I have to always chide pal Alec Saunders who a few years back was on the VoIP is dead bandwagon. We all know in serious tones that not only is it alive. It's growing as Junction Network's news of them signing their 10,000th customer proves.
When Google bought Gizmo, they shut down the apps aspect of the business. Last week Viber came alive, and for those who know Zipring is also in the App store, as is Truphone and a revitalized Fring that has video, as does Tango.
When it came to battling Skype, only Gizmo and to some extent client Truphone had/have the kind of reach and traction to put a hurt on Skype. They each offered reliable, low cost calling, and had the imagination that was necessary to introduce new services based on VoIP that met the Voice 2.0 manifesto standard. Now, with Google pursuing a browser based approach to voice, and a mobile strategy with Android, the gap that Gizmo left means all the rest can fill the void.
So, are any of the companies doing much different with their iPhone apps? Not really. In essence each is offering a spin on staying connected for free, or offering lower cost long distance, with better rates than anyone else for international long distance. But what each are doing is counterpunching Skype and forcing the issue that the incumbent carriers are not really going forward, and are almost willing to abandon the low hanging minutes fruit to capture the newer and fresher pie. Data.
With data pipes going mobile, Viber, ZipRing, Truphone, Fring, Line2, Tango and yes, Skype will all be your next phone company.
Back in the day when Lufthansa and a few other international airlines offered in-flight Wi-Fi the service was a dream come true. I recall heading to Europe on a flight from SFO to Munich just after the launch of our agency's originated Nokia Blogger Relations Program back in 2005. I was watching as the news coverage took hold, and right before my eyes knew we had a hit on our hands. During the flight I was in constant touch with our web master who quickly realized we needed a bigger server, which required my approval (which I immediately gave) and in turn I contacted my then Nokia client contact to get the additional costs into the budget. While on that same flight I also managed some questions about the program, replied to bloggers who were skeptical and basically managed the whole program while "up in the air" while my staff managed the physical aspects and coordinated a few other matters that arose as easily as I did.
Fast forward a bit later, the Boeing Wi-Fi service failed, largely due to lack of usage and high cost of installation and in-flight Wi-Fi went away. For me that meant a continuation of red-eye flights domestically, and a return to sleeping on International flights, something that actually wasn't such a bad thing. But what also reappeared on nights I took international flights was the dreaded arrival inbox of hundreds of emails that needed to be "actioned" in some way shape or form, and some which may have been more critical than others.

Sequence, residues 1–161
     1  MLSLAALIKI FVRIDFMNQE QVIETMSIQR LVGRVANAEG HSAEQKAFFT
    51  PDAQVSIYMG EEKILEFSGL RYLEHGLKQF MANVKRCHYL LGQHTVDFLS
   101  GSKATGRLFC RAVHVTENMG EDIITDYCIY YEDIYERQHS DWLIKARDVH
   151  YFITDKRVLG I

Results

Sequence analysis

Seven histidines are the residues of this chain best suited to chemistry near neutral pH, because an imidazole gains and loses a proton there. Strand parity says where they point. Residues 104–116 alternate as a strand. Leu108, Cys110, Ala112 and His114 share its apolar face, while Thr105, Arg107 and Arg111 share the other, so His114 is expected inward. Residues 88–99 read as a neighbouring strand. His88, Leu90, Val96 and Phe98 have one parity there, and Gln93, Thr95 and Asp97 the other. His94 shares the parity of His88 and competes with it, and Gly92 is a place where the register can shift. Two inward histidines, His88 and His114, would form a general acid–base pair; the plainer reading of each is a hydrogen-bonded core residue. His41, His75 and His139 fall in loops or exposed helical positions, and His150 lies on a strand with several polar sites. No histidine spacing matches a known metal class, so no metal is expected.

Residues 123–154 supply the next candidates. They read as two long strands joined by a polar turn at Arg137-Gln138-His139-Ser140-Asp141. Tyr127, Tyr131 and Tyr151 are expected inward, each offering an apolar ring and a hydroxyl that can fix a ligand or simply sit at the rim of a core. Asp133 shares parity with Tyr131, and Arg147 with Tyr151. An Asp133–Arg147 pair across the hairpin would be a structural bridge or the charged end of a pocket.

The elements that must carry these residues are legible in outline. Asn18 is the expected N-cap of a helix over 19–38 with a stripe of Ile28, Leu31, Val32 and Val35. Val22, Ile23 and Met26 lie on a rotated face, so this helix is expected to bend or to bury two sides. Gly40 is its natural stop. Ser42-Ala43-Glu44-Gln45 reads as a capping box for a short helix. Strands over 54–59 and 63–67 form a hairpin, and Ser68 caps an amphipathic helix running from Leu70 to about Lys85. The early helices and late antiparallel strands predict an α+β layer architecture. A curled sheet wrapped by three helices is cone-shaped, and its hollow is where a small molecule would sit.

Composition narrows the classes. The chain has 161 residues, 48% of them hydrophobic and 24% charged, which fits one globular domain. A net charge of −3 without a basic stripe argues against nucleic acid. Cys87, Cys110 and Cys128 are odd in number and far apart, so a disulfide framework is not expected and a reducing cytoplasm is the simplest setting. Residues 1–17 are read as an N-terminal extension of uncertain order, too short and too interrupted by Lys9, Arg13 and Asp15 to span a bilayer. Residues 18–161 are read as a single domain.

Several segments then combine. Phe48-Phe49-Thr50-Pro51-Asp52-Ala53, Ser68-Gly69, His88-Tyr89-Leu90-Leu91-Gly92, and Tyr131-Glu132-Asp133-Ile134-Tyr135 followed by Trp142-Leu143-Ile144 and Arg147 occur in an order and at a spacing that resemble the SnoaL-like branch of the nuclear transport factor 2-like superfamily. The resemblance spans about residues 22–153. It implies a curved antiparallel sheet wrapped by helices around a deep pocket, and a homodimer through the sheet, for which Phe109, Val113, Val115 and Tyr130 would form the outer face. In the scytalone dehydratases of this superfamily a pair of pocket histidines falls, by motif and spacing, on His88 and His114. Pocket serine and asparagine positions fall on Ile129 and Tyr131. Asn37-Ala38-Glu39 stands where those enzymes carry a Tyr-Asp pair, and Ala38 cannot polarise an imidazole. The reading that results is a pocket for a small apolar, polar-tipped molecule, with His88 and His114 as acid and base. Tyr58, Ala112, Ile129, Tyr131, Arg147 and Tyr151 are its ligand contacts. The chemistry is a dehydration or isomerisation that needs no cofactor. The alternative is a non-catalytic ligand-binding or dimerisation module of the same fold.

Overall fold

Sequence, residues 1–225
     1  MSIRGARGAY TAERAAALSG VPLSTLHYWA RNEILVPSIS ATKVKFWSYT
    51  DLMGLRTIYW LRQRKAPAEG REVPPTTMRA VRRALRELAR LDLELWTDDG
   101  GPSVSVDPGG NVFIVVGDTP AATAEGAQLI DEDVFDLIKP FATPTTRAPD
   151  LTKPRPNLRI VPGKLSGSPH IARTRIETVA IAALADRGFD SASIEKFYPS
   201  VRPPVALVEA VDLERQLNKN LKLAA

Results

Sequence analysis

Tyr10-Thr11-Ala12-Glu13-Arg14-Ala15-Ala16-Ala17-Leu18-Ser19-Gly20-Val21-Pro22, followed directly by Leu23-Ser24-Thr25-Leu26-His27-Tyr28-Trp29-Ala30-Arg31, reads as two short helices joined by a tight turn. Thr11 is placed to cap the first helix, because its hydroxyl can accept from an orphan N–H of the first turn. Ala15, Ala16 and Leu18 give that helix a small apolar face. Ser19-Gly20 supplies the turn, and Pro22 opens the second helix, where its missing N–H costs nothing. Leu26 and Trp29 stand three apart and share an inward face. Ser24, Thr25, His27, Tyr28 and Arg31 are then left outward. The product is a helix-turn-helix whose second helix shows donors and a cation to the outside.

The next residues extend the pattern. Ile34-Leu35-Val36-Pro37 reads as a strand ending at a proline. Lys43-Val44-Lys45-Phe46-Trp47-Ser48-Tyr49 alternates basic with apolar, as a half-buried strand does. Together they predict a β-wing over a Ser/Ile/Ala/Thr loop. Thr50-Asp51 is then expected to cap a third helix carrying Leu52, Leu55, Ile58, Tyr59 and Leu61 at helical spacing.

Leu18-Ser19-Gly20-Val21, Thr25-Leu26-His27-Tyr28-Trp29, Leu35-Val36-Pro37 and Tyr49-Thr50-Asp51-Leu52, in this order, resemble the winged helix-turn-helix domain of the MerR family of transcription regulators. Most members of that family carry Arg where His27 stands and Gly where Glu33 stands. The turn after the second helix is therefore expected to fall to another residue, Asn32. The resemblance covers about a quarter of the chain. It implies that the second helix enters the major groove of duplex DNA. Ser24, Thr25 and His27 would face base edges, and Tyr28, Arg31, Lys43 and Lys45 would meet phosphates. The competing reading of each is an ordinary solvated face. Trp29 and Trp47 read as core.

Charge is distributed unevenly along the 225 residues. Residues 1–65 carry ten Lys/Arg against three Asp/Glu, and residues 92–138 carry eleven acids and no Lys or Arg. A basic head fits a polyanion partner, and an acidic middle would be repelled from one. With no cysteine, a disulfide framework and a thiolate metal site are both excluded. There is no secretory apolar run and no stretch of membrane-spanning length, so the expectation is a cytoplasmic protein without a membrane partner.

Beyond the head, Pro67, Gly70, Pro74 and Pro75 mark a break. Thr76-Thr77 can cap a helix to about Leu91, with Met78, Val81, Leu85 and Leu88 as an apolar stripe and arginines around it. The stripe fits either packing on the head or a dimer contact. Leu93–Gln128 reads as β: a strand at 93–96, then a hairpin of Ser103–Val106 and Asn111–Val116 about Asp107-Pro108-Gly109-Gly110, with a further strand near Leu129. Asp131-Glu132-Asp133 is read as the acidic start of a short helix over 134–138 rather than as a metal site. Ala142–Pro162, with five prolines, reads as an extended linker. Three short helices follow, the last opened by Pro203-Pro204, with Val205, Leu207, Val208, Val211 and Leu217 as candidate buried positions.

With the restoration of in-flight Wi-Fi on their planes, Lufthansa worked with Panasonic to build out the inflight system and Deutsche Telekom in Germany for the Internet. Other airlines, like Virgin Atlantic are expected to add the service too, meaning more flights to get work done more conveniently, as in my book, connectivity equals convenience.
You also have to applaud Lufthansa, and their team which stuck with the idea of in-flight Wi-Fi for four years after the original deployment was killed off. Many companies turn their back on an idea that failed, the same way H-P's board turned their back on CEO Mark Hurd, and near term to their detriment. Not so for Lufthansa, whose team along with Panasonic seemed to since day zero been looking for a solution and was reportedly working publicly on the idea as far back as 2007.
For those who have experienced the peaceful and stressless exiting of an airplane, knowing their email inbox is at ZERO in a far off land, the feeling is pure joy. It's the same joy of having Wi-Fi on a train, like the Heathrow Express or the Amtrak Acela and some Amtrak Surfliners here in California. For me, it's no longer about being simply "Always On." What it's about is the ability to be able to GET ONLINE , and GET OFFLINE as the trip progresses, making sure things that need to be done are getting done, and that nothing that's unexpected arises when it could have been managed. It means no one waiting around, and it also means that as we enter the era of a more greatly accepted remote workforce, as iPass pointed out in their report, and as we'll see it this week's GigaOm Network event, it's access to connectivity, not solely being mobile or having infrastructure is what matters, so having in-flight connectivity is one link in that NetWork chain that matters, and over time, will play a more important role as the business which is conducted remotely, needs to get done face to face, from no matter where one is.